(My Summer of Love) has spent his entire career thus far outside, geographically at least, his native Poland. Now, with his fifth feature film, he journeys back to rediscover his homeland along with his two lead characters in the stunningly beautiful Ida (2013). It's a trip back in time to the sixties, shot in exquisite monochrome and telling a fairly intimate tale which can't help but feel incredibly personal to its director, despite its eminently bleak tone. Bolstered by exceptional performances from Agata Kulesza and newcomer Agata Trzebuchowska, Pawlikowski's latest could be a dark horse for next year's Best Foreign Language Film Oscar, submitted as it is as Poland's entry.
I Origins (2014), American independent director Mike Cahill once again utilises the theoretical landscape of the science fiction genre to analyse the human condition. Similar in style and tone to his high-concept, low-budget debut Another Earth (2011), this science-versus-faith puzzler looks to expand upon the established maxim that "eyes are the window to the soul", eluding that they might in face be the conduit in which our souls traverse the limitlessness of existence. I Origins opens with a startling montage of eyes. As their pupils dilate under the camera's unforgiving flash, we're reminded by Dr. Ian Gray (Boardwalk Empire's Michael Pitt) that each one is as unique as a person's finger print.
Human Capital (2013) takes as its target a nation mired in the greed and feckless hypocrisy of a materialistic culture which is willing to risk everything for wealth and its trappings. The party is both literally and metaphorically over in the very first shot of the film as the confetti is diligently swept up and the champagne glasses are cleared away.
Honeymoon (2014), examines one of the great fears in our monogamous society; namely, what if you found that special someone to share your life with, only to discover that they're not the same person you fell in love with? Janiak's inquisition into post-nuptial angst observes newly-weds Bea (Rose Leslie) and Paul (Harry Treadaway) on their honeymoon at a remote lakeside cabin. Once there, the cabin becomes a hermetically sealed, sweltering hotbed of infatuation.
★★★★★Benedikt Erlingsson's widely acclaimed, award-winning debut feature Of Horses and Men (2013) is as unique and clever as its subject - the Icelandic horse. As well as their distinctive faces, shaggy mane and tails, these small, sturdy beasts have two specific gaits - in between a trot and a gallop. Although pony-sized they are always referred to as a 'horse', so there's much comic potential to be had from pairing a long-legged Icelander with this diminutive equine exhibiting the very fast 'flying pace'. Set in a small rural community various stories overlap, each featuring a specific horse. Kolbeinn (Ingvar Eggert Sigurðsson) proudly rides his new grey mare to have coffee with his neighbour, Solveig (Charlotte Bøving).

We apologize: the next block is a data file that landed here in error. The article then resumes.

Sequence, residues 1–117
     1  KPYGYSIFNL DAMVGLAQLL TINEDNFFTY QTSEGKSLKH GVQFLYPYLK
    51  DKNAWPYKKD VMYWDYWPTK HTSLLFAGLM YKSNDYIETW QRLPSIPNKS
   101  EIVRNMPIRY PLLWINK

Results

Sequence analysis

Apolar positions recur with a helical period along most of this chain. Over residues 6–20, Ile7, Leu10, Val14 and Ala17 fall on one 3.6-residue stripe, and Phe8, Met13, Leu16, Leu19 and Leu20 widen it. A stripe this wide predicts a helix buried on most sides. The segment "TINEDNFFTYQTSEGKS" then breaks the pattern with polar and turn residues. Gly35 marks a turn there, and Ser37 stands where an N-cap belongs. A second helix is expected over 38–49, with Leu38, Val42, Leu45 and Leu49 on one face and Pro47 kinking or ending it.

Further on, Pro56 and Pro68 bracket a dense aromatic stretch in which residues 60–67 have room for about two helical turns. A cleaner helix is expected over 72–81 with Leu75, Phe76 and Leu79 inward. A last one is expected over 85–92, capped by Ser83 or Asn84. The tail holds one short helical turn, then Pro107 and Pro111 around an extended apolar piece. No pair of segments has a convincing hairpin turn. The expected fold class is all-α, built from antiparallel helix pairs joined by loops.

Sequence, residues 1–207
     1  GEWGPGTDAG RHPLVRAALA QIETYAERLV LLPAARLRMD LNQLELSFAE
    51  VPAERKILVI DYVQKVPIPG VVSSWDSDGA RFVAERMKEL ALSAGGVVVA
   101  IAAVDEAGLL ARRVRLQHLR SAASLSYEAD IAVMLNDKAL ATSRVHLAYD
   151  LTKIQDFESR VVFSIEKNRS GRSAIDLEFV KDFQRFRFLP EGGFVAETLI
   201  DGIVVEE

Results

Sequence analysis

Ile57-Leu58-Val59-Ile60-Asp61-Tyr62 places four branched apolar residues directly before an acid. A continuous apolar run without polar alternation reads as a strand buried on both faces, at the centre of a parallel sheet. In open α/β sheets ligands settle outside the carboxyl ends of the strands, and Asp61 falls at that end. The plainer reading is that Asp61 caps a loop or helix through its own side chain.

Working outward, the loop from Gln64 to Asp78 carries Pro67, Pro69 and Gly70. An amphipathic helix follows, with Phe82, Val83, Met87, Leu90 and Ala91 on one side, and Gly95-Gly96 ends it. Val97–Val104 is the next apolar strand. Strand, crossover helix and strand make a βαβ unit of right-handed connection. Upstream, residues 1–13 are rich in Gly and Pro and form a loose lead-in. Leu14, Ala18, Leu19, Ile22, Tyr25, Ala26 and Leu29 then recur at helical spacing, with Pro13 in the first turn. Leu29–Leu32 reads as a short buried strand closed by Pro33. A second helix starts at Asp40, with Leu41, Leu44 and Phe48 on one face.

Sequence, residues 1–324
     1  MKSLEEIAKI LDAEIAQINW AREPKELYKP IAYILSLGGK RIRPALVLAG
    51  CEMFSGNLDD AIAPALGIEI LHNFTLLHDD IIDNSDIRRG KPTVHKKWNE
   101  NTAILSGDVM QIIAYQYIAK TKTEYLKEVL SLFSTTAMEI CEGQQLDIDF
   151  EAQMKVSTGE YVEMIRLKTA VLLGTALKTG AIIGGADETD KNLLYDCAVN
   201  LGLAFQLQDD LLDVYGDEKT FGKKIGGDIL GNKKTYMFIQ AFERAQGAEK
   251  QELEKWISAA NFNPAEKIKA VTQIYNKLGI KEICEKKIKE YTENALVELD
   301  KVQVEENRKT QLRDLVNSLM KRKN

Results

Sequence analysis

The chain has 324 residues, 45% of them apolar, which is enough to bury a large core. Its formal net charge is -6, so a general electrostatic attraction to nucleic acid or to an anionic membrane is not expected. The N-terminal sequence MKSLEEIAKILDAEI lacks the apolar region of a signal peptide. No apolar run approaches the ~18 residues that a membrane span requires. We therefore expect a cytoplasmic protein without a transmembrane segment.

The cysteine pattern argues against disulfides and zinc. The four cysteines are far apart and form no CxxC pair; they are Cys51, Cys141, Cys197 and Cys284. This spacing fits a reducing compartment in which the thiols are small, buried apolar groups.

Night of the Comet is George A. Romero-style zombie invasion infused with a Valley girl sensibility. While it doesn't quite have the budget or resourcefulness to fully deliver in this kitschy B-movie premise, it remains a fun ride nonetheless. Opening on the eve of a huge comet passing by Earth, global celebrations take a swift dive when mankind is all but wiped out and turned into piles of red dust. Two sisters, Samantha (Kelli Maroney) and the older Regina (Catherine Mary Stewart), avoid obliteration.
In Secret (2013) - which is in turn based upon Émile Zola's 1867 novel Thérèse Raquin - is a tonally perplexing disappointment that fails to truly wrestle with the themes provided. Production designer Uli Hanisch's sets plunge us into a rather dank 19th century France - with an overly robust enthusiasm for greys - and it's in this world that we meet Thérèse (Elizabeth Olsen, also seen in Godzilla this week). Born out of wedlock, Thérèse is shipped off to live with her seemingly kind, but more accurately conniving aunt, Madame Raquin (Jessica Lang).
Goldfinger (1964) remains, for many, the quintessential 007 outing. Bond's tussle with bullion dealer Auric Goldfinger (did he get into the trade due to his surname, or was it a coincidence?) is a handsome affair which oozes class and represents the ultimate in cinematic flight of fancy, due in part to John Barry's opulent and audacious score, plus Sean Connery's incomparable screen magnetism. While the film represented something of a gamble for MGM at the time for a franchise in its early stages (the £2 million budget was equal to those of Dr. No and From Russia With Love combined), it worked.
The Gold Diggers of 1933, Footlight Parade and 42nd Bacon Street, Berkeley managed to turn the chorus line into an art form. The sequences were sublime but they also tapped into the social issues of the day, from the men lost to war to the depths of The Great Depression.
A Farewell to Arms was seen again, cut to ribbons and rereleased. Whichever way it appeared, Hemingway didn't like it.